NOTE: Before trying this language exchange technique, you should definitely sign up to italki and use their service to connect with native speakers first. It’s cheaper than the advice I’ve given below (plus they’ll give you a free lesson just because I sent you).
This is fun but it’s not free. I suggest using Skype credit rather than your home or mobile phone as it’s much cheaper. At the time of this writing many countries can be called using Skype for about 2¢ per minute (others are a little higher).
Don’t go running your phone bills up though and then blaming me for it. 🙂
This little exercise is for people learning a foreign language at home and looking for more opportunities to practice.
NOTE #2: I’m not advocating harassing businesses either. Make legitimate enquiries!
Be creative when looking for language exchange opportunities
Looking for language exchange?
Part of being a good learner is coming up with creative ways to overcome challenges and one major challenge for a lot of people is finding opportunities to practice new target language content.
One thing I used to do a lot with Arabic was language exchange cold-calling.
Sure you can use sites like italki to connect with native speakers for conversation practice (if you’re lucky enough to find a willing language exchange partner that is) but what about when you’ve just covered a specific topic and want to put it to use straight away but aren’t able to?
Let’s say for example that you spent a study period learning all about how to book accommodation or how to hire a bicycle in your target language.
Unless you’re abroad chances are you won’t get an opportunity to use that language so it tends to be forgotten easily. There is a fun way to practice the new content immediately using Skype and it only costs a buck or two.
The easiest language exchange is a genuine enquiry
Spend some time going over new phrases and vocabulary relating to a specific product or service (e.g. renting a bike or inquiring about a guest room). You might choose to hone in on something specific like the size of the rooms or asking about the cost of renting a bike for a day.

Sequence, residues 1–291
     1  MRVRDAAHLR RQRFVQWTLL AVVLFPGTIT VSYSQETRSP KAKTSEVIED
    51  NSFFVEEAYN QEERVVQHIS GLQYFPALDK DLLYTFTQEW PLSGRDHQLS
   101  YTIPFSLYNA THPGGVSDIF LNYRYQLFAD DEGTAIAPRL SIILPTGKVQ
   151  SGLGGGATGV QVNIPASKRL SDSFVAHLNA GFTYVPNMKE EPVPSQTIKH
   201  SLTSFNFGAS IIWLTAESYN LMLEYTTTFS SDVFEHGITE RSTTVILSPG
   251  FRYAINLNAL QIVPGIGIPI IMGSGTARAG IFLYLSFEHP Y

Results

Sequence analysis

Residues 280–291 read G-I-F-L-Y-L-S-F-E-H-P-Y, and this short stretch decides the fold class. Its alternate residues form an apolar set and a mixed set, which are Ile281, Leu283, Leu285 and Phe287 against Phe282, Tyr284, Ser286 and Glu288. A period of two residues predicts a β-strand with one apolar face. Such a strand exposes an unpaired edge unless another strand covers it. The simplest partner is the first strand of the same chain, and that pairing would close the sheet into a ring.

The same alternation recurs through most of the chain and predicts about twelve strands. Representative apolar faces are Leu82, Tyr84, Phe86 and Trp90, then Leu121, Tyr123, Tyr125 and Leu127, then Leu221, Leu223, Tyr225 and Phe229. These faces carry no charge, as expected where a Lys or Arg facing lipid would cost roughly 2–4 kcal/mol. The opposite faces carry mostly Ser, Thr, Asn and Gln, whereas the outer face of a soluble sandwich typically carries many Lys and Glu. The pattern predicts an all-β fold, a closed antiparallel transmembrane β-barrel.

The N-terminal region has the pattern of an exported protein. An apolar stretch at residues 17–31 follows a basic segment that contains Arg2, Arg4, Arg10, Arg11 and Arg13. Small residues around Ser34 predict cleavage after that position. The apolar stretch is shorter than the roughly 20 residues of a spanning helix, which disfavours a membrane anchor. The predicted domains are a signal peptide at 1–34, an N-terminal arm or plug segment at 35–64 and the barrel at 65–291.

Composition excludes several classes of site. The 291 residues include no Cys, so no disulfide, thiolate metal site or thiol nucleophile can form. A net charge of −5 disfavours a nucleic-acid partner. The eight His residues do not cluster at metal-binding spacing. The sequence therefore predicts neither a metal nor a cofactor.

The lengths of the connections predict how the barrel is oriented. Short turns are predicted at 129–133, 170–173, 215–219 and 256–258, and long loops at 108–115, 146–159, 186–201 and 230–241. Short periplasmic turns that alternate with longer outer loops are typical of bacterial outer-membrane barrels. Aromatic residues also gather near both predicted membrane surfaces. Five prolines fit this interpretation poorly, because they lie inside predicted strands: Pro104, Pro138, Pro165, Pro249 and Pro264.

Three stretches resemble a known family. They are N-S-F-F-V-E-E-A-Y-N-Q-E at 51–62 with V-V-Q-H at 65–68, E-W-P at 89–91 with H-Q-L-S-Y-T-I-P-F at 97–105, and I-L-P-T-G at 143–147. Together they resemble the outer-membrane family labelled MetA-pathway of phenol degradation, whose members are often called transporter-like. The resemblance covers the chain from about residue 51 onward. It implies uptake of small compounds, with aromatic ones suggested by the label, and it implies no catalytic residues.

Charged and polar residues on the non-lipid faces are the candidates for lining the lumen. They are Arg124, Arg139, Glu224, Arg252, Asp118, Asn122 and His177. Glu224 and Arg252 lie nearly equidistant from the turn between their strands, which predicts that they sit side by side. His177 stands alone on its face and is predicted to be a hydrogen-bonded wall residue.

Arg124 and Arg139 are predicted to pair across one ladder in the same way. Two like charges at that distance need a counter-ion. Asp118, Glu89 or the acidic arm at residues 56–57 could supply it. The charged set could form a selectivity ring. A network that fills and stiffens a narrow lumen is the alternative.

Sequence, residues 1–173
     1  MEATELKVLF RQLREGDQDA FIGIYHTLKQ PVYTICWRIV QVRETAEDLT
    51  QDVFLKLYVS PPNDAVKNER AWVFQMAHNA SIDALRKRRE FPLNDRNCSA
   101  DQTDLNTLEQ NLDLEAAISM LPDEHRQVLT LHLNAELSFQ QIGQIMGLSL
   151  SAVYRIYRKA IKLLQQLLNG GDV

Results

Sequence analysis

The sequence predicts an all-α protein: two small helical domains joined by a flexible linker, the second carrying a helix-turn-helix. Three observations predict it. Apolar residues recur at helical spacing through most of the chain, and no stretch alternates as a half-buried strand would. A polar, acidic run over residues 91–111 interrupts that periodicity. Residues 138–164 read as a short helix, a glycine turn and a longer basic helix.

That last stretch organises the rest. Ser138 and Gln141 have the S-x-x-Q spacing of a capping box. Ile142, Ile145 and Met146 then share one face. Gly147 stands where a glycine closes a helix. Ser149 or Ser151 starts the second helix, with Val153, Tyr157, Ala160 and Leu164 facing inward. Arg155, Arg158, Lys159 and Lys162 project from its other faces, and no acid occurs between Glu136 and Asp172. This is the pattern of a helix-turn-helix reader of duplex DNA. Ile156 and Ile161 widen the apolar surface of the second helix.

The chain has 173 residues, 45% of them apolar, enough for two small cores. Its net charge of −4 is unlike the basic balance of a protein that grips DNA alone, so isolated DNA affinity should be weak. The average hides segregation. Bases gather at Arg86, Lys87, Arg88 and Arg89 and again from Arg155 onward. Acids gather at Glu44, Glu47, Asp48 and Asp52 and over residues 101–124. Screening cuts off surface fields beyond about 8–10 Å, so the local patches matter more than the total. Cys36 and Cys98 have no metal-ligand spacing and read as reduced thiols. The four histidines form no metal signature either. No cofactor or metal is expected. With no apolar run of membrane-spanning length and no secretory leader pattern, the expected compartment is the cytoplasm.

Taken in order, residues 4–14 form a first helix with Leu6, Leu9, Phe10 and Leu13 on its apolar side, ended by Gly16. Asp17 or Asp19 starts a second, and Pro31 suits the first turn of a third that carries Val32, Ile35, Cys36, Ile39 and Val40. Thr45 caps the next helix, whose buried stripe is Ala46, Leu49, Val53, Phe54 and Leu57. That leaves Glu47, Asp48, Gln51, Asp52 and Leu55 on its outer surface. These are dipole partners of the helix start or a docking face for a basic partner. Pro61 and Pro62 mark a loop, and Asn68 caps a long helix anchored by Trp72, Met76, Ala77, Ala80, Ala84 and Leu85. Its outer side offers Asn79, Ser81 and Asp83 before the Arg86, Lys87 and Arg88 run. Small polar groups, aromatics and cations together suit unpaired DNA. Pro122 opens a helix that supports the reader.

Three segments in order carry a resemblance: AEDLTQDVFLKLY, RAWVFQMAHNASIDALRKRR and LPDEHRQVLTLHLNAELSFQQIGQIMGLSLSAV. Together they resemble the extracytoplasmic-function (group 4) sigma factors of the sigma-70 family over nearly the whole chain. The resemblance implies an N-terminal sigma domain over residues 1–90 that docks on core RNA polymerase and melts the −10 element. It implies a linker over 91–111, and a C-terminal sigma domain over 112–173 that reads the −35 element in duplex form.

Google “yellow pages” + your target language country (Georgia, Ireland, China, etc.) and usually the first Google search result will show you the business directory of the country (each country also has other directories but Yellow Pages is a good starting point).
Georgian Yellow Pages:
Irish Golden Pages:
Gather a short list of a few businesses and their telephone numbers, and call each of them asking a prepared list of questions about their products or services.
Let them know that you’re calling from overseas and apologize in advance for not understanding everything. Once they know you’re calling from abroad they’ll be curious as to why you called them specifically and you’ll probably make their ordinary, mundane day at work a little more interesting! 🙂
It’s great if you have a genuine query too. Instead of using Google to find out certain information consider taking the old-fashioned approach and making a few phone inquiries to get some practice.
Phone conversations are lot more challenging than face-to-face chats so make sure to record the Skype call so you can study it afterwards!
A simple, minute long language exchange with a stranger over the phone will get you using vocabulary that you’d otherwise quickly forget or never get a chance to use.